Type 1 and 2 teams ordered to respond to western Montana wildfires

map Roaring Lion Fire

Above: Map of the Roaring Lion Fire. The red line was the perimeter at 3:07 a.m. MDT August 1. The red squares represent heat detected by a satellite at 2:31 p.m. MDT August 1, 2016, showing expansion of the fire to the northwest.

Click HERE to see the most current information on Wildfire Today about the Roaring Lion Fire.

(Update 5:52 p.m. MDT, August 1, 2016)

The Roaring Lion fire in the Bitterroot National Forest outside of Hamilton, Montana has destroyed several structures, although officials have yet to confirm how many, according to posts on InciWeb.

Five hundred homes remain under evacuation notice, and on Monday the fire had burned more than 3,000 acres.

Crews made some gains establishing a fireline on Sunday night, and were aided by 5 helicopters on Monday, according to InciWeb:

Last night, dozer and hand crews were able to punch in containment lines in a good portion of the East side of the fire. They were also able to put out multiple spot fires around residences.

The Type 1 team is expected to take over operations on Tuesday.  The cause of the fire remains unknown.

map Roaring Lion Fire
Map of the Roaring Lion Fire at 3:07 a.m. MDT August 1, 2016. Click to enlarge.

Fanned by hot winds, the Roaring fire exploded in a massive plume of smoke on Sunday. Visit InciWeb to see more photos of the fire. Also, check out this time-lapse video of the fire (note: it will take about 20 seconds for images of the fire to start).

Roaring Lion fire, July 31, 2016
Roaring Lion fire, July 31, 2016

Meanwhile, the Copper King fire in the Lolo National Forest continues to burn, although it has not prompted any evacuations. On Sunday, the fire shut down Montana Highway 200, which officials reopened on Monday.


Two wildfires ignited in western Montana on Sunday, prompting evacuations and the shutdown of a U.S. highway.

A Type I incident management team has been ordered to respond to the Roaring Lion fire, which as of Sunday evening had already burned 2,000 acres outside of Hamilton.

A Type II team will be responding to the Copper King fire near Thompson Falls.

Here are some overview details for both fires:

Roaring Lion, Bitterroot National Forest:

  • Residents in 500 homes evacuated, or warned that they should be prepared to evacuate.
  • 3 Hot Shot crews; a hand crew from the Bitterroot National Forest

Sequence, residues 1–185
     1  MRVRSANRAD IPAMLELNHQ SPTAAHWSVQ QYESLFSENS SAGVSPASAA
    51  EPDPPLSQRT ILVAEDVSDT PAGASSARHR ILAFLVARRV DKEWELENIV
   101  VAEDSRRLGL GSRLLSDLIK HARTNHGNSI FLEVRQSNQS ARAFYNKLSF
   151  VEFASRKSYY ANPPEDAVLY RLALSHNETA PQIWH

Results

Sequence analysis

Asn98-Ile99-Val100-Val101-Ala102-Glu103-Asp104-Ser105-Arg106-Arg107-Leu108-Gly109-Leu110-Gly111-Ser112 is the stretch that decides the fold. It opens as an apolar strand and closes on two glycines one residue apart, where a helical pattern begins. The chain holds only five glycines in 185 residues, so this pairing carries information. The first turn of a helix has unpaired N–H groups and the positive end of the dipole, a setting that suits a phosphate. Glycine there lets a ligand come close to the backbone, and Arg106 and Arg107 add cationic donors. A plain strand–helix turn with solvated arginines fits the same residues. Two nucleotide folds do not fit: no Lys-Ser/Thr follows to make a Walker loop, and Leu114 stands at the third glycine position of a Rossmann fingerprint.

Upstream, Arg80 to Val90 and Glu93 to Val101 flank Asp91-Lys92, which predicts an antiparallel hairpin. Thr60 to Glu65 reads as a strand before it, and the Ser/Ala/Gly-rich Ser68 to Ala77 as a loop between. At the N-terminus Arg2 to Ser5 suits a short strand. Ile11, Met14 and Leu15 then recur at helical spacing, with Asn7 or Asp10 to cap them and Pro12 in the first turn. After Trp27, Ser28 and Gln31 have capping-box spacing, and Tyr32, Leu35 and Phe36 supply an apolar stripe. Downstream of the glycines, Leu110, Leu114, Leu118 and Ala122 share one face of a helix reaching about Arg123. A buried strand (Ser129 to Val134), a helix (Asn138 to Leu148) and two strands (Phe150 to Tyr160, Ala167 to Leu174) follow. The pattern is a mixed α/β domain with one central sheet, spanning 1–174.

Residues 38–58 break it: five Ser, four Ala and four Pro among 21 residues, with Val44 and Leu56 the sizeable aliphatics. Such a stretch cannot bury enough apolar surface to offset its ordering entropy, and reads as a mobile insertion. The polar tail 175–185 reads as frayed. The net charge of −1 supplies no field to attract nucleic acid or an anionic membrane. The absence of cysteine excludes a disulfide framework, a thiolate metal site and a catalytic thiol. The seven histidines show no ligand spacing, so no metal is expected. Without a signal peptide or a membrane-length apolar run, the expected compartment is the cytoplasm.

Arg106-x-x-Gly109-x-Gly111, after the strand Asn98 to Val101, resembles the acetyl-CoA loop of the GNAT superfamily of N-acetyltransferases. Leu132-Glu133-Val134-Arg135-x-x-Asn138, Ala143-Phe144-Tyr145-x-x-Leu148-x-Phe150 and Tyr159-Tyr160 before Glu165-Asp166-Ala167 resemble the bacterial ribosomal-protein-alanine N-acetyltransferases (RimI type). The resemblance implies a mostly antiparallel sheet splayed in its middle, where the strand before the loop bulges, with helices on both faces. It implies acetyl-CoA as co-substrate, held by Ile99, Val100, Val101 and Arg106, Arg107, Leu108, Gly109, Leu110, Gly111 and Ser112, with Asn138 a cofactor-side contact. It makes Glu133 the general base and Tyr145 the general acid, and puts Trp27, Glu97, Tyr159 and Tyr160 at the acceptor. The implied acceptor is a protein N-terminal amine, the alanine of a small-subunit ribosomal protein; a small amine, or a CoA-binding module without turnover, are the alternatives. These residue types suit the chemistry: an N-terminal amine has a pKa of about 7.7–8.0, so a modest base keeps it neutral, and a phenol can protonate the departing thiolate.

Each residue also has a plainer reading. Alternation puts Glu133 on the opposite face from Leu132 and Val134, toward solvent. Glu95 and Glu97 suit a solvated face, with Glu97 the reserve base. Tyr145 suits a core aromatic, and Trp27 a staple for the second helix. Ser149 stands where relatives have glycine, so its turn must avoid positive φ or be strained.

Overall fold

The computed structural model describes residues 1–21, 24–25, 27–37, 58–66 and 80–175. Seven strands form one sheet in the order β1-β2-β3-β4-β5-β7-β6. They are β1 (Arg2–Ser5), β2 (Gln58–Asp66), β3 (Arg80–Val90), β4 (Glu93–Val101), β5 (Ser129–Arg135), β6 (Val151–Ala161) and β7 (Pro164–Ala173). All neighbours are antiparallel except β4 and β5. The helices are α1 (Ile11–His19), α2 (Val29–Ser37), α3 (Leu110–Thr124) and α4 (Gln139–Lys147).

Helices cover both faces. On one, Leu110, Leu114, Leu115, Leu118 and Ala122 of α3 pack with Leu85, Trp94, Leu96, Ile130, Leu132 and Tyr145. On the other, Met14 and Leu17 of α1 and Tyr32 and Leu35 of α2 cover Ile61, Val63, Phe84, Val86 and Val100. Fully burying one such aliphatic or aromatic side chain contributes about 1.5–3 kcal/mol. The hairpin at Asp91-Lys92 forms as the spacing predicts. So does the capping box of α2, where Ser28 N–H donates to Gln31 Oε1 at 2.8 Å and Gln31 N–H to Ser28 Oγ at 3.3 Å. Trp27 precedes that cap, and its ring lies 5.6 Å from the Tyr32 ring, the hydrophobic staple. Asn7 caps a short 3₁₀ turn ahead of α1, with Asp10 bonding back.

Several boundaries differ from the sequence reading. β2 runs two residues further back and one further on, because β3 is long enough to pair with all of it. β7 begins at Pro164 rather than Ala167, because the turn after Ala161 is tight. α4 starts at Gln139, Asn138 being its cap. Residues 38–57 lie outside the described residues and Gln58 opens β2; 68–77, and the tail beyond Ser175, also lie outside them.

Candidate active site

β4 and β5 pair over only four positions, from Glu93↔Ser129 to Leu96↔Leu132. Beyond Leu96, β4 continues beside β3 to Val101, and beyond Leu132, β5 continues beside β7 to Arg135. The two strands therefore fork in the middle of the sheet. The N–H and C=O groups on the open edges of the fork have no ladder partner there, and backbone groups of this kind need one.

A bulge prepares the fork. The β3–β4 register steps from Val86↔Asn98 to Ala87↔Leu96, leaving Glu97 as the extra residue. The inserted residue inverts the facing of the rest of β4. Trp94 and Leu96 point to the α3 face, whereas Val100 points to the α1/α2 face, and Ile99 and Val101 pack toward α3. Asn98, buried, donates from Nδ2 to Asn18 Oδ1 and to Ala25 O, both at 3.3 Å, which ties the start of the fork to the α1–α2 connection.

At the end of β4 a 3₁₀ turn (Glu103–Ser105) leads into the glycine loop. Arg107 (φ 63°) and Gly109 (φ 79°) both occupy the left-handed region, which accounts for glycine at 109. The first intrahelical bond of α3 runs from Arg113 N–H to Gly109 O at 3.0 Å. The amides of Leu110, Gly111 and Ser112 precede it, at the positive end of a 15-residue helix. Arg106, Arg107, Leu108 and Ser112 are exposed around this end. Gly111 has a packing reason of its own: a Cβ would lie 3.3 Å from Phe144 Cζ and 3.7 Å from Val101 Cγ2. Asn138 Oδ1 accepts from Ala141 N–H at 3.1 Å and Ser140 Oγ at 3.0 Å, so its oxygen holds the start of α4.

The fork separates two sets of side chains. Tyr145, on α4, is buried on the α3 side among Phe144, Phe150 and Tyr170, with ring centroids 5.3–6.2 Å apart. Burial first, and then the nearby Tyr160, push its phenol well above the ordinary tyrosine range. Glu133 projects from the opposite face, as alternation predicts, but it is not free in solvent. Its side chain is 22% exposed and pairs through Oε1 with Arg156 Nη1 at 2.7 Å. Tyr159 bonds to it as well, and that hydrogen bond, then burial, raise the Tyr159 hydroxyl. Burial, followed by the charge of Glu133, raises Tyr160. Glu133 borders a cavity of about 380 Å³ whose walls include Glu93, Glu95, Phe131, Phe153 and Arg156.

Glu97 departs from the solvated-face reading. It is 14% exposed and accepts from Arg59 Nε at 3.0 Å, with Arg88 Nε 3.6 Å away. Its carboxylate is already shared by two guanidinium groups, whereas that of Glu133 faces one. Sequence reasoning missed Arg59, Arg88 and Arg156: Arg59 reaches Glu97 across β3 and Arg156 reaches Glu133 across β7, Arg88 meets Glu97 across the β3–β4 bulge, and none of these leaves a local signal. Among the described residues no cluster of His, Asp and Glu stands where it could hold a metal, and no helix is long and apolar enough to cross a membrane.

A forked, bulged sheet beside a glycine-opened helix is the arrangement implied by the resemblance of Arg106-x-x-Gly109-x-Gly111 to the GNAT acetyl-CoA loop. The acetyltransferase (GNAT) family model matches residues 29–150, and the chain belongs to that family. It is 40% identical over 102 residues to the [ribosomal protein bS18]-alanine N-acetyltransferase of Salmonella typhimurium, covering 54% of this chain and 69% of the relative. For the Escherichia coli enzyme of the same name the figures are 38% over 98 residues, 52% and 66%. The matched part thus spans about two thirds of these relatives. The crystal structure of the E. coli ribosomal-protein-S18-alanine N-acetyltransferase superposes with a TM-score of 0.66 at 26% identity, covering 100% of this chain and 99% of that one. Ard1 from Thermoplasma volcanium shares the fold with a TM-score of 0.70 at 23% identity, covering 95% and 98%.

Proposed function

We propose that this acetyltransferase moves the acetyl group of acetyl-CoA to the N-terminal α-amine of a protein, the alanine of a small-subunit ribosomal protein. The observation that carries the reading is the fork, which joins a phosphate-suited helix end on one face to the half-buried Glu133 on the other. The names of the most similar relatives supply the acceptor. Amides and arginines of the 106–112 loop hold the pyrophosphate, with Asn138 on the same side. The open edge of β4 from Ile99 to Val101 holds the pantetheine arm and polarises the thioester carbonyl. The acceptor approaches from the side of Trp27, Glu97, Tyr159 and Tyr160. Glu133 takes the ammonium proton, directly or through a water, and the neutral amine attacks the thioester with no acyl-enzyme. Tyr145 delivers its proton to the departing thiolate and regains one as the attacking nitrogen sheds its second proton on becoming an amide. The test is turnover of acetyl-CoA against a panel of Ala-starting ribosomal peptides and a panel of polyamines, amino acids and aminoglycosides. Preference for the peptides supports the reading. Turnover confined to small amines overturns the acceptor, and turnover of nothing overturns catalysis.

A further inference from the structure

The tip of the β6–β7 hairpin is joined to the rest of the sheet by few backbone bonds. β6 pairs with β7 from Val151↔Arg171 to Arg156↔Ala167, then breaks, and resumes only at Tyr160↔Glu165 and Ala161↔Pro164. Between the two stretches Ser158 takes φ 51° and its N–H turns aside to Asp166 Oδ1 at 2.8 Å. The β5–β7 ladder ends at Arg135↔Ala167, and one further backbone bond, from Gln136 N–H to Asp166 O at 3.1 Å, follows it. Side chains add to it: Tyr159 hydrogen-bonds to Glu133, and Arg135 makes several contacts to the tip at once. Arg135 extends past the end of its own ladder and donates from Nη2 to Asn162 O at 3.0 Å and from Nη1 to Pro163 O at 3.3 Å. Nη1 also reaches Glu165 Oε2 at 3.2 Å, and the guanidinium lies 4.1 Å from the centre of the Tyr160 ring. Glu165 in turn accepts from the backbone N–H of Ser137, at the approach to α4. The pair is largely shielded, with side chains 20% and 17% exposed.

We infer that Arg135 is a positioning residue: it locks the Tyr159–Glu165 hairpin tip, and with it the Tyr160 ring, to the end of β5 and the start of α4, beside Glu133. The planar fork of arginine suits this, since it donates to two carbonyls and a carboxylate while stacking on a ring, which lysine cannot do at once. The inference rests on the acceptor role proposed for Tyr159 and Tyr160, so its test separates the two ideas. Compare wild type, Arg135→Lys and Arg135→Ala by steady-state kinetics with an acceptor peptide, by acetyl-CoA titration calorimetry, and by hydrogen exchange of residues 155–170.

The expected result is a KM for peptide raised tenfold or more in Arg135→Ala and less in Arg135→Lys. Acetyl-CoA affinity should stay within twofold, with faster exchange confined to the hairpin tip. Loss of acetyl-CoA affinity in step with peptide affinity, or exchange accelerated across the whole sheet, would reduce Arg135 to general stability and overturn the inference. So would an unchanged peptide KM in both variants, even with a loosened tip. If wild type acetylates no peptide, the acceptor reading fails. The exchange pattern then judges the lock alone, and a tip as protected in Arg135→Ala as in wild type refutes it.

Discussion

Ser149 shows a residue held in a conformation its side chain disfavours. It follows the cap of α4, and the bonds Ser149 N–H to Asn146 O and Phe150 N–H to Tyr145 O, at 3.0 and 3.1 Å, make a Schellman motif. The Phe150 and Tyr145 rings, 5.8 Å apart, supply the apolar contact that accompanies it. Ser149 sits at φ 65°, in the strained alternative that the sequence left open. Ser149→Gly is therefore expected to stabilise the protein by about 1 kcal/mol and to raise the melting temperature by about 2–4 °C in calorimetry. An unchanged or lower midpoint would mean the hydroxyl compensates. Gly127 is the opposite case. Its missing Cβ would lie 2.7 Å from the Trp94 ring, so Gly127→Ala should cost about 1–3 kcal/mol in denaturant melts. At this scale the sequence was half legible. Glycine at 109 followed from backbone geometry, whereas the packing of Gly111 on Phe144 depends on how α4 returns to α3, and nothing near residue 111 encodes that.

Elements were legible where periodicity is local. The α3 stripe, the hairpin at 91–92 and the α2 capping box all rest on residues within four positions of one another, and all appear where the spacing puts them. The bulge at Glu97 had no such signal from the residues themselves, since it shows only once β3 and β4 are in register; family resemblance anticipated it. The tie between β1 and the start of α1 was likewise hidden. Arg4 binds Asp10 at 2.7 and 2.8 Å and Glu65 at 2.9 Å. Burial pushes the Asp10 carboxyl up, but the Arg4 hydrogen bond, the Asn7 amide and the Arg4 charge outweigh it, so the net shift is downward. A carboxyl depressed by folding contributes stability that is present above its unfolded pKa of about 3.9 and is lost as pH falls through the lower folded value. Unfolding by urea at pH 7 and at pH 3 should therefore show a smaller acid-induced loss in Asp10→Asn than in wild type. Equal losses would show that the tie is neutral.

• 5 helicopters, one airtanker
  • US Highway 93 has been closed
  • All personnel planning to work through the night to establish containment lines once the wind dies down.
  • Strong winds in the area.

Copper King, Lolo National Forest:

  • 2 helicopters, one Single Engine Air Tanker and on Air Attack fixed-wing aircraft.
  • No structures threatened, and no evacuations, but the fire is very visible from Montana Highway 200.
  • As of Sunday night, the fire had burned 200 acres.
  • Strong gusty winds in the area.

Much of western Montana (including the two counties where the fires are, Sanders and Ravalli) has been abnormally dry or experiencing a moderate drought for the month of July, according to the U.S. Drought Monitor.

U.S. Drought Monitor, Montana

3 thoughts on “Type 1 and 2 teams ordered to respond to western Montana wildfires”

  1. Roaring Lion: Ordered the team but did someone forget the initial attack? News reporting that five (5) air tankers are on hold waiting for a lead plane from R-6. Shane on me; who believes the news anymore. (exception Wildfire Today)

    1. Johnny – IA was a Copter and engine crews from Hamilton FD and USFS at Darby RS. Look at the on-scene time lapse photos and you’ll see that they were overwhelmed from the start.
      And as for the A/T’s waiting for a Lead, that’s the norm. Multiple A/C in a limited airspace with out command & control is a design for disaster. That’s why we have Air Attack and Lead planes. Not all A/T pilots are IA qualified.
      A/C got shut down early-on because of winds, too.
      IA crews, local Departments and 3 Hotshot crews did lots of good work all nite under local direction.
      Sometimes Mother Nature does what she wants!

  2. Some things change, something remain the same. Having worked in R 1 on the ground and in the air (’60 ’70’s) the statement about waiting for a lead does remind me how non progressive R 1 continues to look at fire. The reason I commented about the article was not as an air conditioned soft chair quarterback; but from experience. When a Type I or II team is assigned usually limited success will be accomplished until the team arrives and has time to develop a real plan. There is the time-warp. The I.A. people are “fries-burned out” having tried their best. This is the period where the aircraft play a huge role in attempting to accomplish protection of structures and supporting lines already established. Waiting for the team to arrive isn’t unique to R 1. As for pilots not being I.A. carded that is straight out of the early ’60’s. (A 26, B 17 4Y). Does it seem right to have four air tankers on the ground while structures are being loss? Maybe R 1 should card (I.A.) air crews. Air tanker pilots are pretty good at keeping track of each other. A lead is wonderful for guiding tankers to the target.

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